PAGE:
Submarines: U-Boats Rule The Sky


June 16,2008: Germany has successfully tested launching anti-aircraft missile from a submerged submarine (U-33, a Type 212 equipped with Air Independent Propulsion). The IDAS (Interactive Defense and Attack system for Submarines) missile is 7.6 feet long, 180mm in diameter and weighs 260 pounds. It has a 29 pound warhead and a range of at least 15 kilometers. The main targets will be ASW (Anti-Submarine) helicopters and low flying ASW aircraft. Two IDAS missiles fit into a metal frame that in turn fits into a torpedo tube. The IDAS missiles take about a minute to reach the surface, ignite its rocket motor, spot any target within range and go after it. If the IDAS misses, an air bubble from the torpedo tube launch of the missile, will reach the surface, indicating where the sub is. At that point, the helicopter or aircraft can drop a torpedo. The sub has countermeasures for these torpedoes, but these devices are not guaranteed to work every time, or against every type of torpedo (some are better at detecting, and getting around, countermeasures.)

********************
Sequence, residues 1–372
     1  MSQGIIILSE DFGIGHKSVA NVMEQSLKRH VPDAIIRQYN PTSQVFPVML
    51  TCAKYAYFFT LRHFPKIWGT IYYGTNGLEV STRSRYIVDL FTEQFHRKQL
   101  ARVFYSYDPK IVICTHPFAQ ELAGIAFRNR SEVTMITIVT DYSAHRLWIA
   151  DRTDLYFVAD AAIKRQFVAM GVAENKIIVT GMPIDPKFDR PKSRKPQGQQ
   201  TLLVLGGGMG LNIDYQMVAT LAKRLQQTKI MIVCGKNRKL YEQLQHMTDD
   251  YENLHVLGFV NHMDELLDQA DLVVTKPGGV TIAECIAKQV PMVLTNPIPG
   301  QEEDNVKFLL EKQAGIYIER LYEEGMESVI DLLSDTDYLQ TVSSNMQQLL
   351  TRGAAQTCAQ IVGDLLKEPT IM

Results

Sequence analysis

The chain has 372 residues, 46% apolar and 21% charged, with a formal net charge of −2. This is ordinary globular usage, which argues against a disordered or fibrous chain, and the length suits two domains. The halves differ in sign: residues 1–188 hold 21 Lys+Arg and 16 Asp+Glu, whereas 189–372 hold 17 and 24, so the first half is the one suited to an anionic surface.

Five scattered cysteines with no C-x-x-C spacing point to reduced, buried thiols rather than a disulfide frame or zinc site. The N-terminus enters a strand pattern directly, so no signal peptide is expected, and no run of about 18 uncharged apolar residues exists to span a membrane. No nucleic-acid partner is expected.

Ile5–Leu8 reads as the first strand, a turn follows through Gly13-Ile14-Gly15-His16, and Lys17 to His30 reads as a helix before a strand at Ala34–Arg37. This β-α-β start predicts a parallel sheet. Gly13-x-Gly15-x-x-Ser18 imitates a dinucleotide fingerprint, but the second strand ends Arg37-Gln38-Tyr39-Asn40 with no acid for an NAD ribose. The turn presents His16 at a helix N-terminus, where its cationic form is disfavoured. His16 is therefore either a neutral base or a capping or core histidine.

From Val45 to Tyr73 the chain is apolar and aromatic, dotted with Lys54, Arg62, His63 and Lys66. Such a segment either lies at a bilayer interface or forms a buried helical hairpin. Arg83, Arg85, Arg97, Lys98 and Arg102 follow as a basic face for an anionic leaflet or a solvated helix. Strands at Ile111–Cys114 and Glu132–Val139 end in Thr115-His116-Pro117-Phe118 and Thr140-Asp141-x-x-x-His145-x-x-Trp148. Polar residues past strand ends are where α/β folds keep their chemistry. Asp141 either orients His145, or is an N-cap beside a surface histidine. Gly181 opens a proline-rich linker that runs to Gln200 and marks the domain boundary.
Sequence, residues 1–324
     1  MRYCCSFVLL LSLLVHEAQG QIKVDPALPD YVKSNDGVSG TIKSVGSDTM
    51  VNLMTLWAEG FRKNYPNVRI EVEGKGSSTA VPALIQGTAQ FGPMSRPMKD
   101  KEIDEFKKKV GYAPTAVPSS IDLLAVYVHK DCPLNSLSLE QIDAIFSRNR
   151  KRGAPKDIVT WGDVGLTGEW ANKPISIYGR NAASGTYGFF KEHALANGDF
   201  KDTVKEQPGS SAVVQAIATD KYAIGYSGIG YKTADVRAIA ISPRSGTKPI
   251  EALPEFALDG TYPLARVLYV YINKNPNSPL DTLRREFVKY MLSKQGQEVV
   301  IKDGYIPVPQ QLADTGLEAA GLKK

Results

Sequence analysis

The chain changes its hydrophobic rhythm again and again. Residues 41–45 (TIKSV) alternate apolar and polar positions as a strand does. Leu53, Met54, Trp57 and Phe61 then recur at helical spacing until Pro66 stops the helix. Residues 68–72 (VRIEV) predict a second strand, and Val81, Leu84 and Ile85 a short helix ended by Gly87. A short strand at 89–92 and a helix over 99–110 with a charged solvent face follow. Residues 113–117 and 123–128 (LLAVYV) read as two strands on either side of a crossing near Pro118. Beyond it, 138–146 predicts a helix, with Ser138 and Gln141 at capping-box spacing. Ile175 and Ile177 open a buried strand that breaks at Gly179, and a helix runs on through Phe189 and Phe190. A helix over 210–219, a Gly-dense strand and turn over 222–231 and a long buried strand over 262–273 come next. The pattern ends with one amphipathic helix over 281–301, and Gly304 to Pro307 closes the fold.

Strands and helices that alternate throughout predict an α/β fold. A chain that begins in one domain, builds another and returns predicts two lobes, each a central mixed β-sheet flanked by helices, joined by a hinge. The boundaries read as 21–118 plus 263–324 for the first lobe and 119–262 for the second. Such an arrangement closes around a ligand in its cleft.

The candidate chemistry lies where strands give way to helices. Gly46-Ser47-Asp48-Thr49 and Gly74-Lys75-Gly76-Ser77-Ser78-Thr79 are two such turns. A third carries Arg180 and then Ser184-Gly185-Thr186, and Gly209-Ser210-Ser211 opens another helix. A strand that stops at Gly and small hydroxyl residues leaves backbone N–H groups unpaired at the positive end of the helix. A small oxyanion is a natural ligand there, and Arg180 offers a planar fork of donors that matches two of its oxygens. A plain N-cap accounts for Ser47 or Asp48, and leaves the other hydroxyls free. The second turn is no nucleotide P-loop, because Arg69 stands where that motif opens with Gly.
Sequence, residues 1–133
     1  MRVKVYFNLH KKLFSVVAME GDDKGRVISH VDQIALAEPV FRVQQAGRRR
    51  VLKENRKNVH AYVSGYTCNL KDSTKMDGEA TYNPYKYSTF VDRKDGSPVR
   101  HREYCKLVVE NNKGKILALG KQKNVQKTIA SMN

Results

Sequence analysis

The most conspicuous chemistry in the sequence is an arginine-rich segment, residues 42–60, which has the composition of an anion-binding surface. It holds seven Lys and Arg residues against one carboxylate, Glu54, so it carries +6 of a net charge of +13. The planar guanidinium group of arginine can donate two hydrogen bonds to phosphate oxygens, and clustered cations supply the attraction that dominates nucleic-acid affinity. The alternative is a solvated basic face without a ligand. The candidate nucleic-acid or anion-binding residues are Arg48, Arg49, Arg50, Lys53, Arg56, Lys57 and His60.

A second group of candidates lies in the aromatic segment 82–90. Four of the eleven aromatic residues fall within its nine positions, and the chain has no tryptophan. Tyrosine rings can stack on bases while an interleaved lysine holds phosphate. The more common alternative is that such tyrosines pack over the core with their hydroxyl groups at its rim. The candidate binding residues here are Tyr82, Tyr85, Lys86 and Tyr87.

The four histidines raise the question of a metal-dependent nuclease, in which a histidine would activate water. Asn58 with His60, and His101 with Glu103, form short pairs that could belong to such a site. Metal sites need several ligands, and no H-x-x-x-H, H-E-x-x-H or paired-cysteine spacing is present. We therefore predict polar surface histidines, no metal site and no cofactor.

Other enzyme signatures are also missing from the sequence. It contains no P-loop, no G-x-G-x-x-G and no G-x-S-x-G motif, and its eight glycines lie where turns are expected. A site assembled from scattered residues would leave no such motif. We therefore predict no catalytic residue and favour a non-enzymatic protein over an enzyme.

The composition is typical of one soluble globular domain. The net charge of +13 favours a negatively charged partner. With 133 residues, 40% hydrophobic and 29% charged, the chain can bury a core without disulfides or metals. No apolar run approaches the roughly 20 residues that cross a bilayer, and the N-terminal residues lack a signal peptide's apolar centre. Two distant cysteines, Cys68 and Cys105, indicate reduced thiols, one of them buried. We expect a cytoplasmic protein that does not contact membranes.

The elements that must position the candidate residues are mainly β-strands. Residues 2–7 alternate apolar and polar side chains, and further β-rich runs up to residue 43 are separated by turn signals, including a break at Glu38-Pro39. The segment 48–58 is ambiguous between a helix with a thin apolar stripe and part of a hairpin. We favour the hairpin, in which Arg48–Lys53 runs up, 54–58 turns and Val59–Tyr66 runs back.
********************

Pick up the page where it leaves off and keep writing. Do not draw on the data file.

The sub commander would use IDAS if he calculated that a helicopter was likely to spot him with active sonar sonobouys or dipping sonar. IDAS can also be aimed at a surface ship (as in the bridge or a helicopter sitting on the platform at the rear of the ship. This is done using the fiber optic link, which can use used to designate a target. Otherwise, the missile uses its heat seeking sensor.

It will be two or three years before IDAS is available for use, but it's uncertain if any navy will buy them. The concept of anti-aircraft missiles for subs is several decades old, and never actually used. But it's possible, so new models keep showing up.




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